Kitchen Tip Tuesdays: Meatballs in bulk, for the freezer
Last week, I sat down and made some lists of things I want to do before our new baby is born. I survived the first several months of pregnancy with just doing the minimum, and while I still wouldn't say that I usually feel the greatest, I have been pushing myself to tackle some larger projects which were so helpful to have done before the birth of our last child! :)
Ground beef was on sale at a local grocery store, so I bought enough to make meatballs for the freezer. I'm down to just one or two packages of meatballs from the last time I made them, and it really is so handy to have them already done and in the freezer! I cook some pasta and use my home-canned spaghetti sauce for a quick meal of spaghetti and meatballs. :)Â
First, I got my ingredients ready. I had 9 pounds of meat, and was using this recipe. I actually used the food processor for all the onions and garlic, since it's easier to make meatballs when the onion is chopped very finely. And, when making such a large amount of something, it's more worth the time to wash the food processor afterwards. :)
Next, I started mixing. I used a spoon as long as I could, but I did use my hands at the end. The meat wasn't too cold, thankfully! ;)
Now, for the rolling. I rolled lots of meatballs. Let's just say that after about the 200th meatball, I was pretty glad I had decided to "only" do 9 pounds of meat!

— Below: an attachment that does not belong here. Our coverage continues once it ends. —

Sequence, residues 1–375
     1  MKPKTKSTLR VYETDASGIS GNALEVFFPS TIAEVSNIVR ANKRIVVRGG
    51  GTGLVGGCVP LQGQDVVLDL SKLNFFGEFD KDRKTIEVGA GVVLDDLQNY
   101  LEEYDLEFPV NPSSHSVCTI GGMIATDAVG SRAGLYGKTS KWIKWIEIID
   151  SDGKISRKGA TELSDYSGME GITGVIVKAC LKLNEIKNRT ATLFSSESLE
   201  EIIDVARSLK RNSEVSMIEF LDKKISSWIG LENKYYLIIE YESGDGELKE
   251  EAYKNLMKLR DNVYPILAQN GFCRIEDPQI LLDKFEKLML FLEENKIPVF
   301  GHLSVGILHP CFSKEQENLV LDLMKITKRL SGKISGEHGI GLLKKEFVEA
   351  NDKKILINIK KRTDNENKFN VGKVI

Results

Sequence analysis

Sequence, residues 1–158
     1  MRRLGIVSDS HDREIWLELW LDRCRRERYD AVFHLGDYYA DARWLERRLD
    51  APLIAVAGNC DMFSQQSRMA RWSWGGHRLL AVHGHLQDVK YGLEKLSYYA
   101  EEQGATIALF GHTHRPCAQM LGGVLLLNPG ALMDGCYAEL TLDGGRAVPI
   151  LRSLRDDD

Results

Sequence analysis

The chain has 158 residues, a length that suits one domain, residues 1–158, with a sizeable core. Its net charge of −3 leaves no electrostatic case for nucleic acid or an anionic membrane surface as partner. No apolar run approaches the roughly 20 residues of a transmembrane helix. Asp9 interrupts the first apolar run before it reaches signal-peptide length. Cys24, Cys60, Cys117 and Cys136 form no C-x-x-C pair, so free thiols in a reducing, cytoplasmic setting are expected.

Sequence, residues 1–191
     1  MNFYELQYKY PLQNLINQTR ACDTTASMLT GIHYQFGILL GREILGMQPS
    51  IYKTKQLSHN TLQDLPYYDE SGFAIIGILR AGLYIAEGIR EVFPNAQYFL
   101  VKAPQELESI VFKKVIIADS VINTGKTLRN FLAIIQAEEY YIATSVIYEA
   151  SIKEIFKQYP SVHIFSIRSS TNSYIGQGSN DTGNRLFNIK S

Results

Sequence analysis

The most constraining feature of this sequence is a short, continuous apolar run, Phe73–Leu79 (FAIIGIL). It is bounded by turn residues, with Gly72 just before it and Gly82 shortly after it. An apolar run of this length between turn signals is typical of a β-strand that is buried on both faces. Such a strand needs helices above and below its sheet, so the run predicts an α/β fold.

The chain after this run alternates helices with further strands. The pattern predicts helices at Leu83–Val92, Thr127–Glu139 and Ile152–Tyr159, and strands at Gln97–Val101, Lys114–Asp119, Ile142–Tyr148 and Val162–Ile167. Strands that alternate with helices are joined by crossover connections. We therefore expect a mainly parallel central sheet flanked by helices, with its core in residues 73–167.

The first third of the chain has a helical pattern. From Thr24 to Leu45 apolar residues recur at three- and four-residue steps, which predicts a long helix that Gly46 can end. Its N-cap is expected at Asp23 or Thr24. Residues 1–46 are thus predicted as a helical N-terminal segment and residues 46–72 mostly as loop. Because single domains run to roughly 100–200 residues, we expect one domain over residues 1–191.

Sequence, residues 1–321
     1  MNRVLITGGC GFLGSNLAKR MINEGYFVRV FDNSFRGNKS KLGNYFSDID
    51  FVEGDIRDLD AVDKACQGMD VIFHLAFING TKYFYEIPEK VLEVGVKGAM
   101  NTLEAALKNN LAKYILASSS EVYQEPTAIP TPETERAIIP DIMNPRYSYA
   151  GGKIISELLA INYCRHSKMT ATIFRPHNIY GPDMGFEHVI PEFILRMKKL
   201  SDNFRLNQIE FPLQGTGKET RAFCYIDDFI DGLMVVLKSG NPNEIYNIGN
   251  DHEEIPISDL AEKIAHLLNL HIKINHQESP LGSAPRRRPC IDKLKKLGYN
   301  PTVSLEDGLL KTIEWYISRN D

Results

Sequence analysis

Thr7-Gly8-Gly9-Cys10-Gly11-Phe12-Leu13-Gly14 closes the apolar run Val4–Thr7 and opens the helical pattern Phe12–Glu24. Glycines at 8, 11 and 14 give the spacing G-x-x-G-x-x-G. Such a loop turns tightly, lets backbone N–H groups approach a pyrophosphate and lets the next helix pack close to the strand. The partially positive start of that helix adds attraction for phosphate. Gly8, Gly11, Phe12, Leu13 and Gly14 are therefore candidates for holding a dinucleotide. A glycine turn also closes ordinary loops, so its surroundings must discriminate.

I put my meatballs on lightly-greased cookie sheets, and bake at 350 degrees for about 30 minutes. They turn out great, and it's so much easier than trying to cook them on the stovetop.
I drain the baked meatballs on cooling racks and/or on paper towels. I was limited on counter space that day (lots of canned pumpkin still sitting around!) so I just stacked up the meatballs.
When the meatballs were cool enough, I started filling my Food Saver bags for the freezer. Here you can see the difference in size between an open bag and a vacuum-sealed bag! :) The amount shown in the bags above is enough for two full meals for us. I did a few bags with smaller amounts, as well.
Last step: labeling and dating each package. These all stacked neatly into my freezer, and I'm guessing I now have about a year's supply of meatballs. That might sound like a long time, but the vacuum-sealed bags keep the food really well, and we've actually found that certain foods (meatballs and pepperoni, for example) taste even better when they've been frozen for a few months! :)
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